Migration News - October 1998

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October 1998

But, it is on the soil of the new South Africa, a land which professes to have eradicated discrimination, racism and intolerance, where foreign Africans are met with the kind of hostility once reserved only for the oppressor. Many immigrants and refugees in South Africa, however, find themselves forced to do menial jobs, the kind that South Africans are loath to do. An illegal status coupled with a determination to survive away from home appears to create the perfect environment for exploitation at the hands of unscrupulous employers. The immigration problem is compounded by the fact that South Africa has no clear immigration policy. Alleged police brutality, apparent routine raids on legal and illegal immigrants alike and an unsympathetic justice system has never been adequately addressed.

Vincent Williams, South African Project Manager of the Southern African Migration Project, says the debate on emigration is characterized by rhetoric and scare-mongering. "This is the kind of thing political parties will use to score points, especially in the run up to the election," he said. "Crime figures are declining, but there is a public perception things are getting worse and political parties have an interest in maintaining those perceptions." A survey conducted by Williams' project showed that only a very small percentage said they were very likely to emigrate and found that skilled white workers were no more likely to want to leave than skilled blacks. Pretoria's immigration procedure is bureaucratic, slow and has no means of targeting the skills needed, Williams says. Last year, 4,532 people moved to South Africa permanently, only 607 of them professionals or semi-professionals. While South Africans are snapped up by Australia, Canada and New Zealand, which all operate point systems that reward youth and skills, this country lacks proper labour market statistics to enable it to identify shortages, Williams says. Williams says South African immigration is entirely discretionary and tainted by xenophobia.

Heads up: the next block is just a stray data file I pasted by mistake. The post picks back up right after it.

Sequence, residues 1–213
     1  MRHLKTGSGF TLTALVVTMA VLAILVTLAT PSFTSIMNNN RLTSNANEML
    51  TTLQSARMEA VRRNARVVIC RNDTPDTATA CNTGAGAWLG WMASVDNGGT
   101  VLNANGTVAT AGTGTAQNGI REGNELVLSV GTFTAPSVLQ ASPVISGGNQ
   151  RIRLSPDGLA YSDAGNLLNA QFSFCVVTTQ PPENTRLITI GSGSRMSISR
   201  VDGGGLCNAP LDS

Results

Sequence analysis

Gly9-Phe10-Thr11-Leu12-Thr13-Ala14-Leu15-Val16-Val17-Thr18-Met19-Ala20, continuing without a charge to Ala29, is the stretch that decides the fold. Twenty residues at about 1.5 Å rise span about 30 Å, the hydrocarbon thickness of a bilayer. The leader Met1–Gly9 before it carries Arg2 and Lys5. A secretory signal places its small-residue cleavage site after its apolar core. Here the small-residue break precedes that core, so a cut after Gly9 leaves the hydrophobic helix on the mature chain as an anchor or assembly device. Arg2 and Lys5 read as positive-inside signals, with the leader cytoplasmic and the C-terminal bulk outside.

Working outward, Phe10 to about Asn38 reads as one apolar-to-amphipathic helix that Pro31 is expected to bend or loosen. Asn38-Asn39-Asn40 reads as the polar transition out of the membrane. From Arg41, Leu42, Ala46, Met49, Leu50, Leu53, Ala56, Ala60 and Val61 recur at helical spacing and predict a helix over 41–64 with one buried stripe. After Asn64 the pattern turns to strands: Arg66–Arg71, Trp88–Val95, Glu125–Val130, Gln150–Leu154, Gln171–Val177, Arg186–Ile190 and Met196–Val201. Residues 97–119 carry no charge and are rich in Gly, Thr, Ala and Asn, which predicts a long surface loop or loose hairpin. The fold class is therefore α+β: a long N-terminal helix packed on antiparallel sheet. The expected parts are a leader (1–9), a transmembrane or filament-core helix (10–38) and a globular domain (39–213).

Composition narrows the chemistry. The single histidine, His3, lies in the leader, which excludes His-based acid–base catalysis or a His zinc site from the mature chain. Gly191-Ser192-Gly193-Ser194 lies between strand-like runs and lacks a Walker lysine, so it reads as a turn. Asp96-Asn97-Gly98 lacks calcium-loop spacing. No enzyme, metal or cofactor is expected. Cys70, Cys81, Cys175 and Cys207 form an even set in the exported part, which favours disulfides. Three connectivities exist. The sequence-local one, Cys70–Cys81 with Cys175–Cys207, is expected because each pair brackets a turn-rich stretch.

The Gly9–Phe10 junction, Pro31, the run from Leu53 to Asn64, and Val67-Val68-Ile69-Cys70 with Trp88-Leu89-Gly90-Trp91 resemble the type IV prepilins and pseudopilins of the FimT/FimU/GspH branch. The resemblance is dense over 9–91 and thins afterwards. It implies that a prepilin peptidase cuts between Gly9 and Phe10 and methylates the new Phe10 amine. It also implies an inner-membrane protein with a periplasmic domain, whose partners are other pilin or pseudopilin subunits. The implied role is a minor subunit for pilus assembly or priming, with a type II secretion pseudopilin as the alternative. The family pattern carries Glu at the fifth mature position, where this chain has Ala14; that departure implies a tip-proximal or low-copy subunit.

1. Migrants in higher and very low income jobs experienced less hostility from South Africans;
  2. Black South African workers tended to be more xenophobic than their white co-workers, and
  3. Xenophobia was largely justified by the pervasive perception that foreigners were responsible for the high levels of unemployment.

Regarding accusations that foreigners were using social services meant for South Africans, Reitzes said migrants were not as inclined to use public facilities such as hospitals as was often assumed. When they did use public hospitals, they paid for services. Respondents who had children in South African schools said they paid school fees, Reitzes said.

Updated December 21, 1998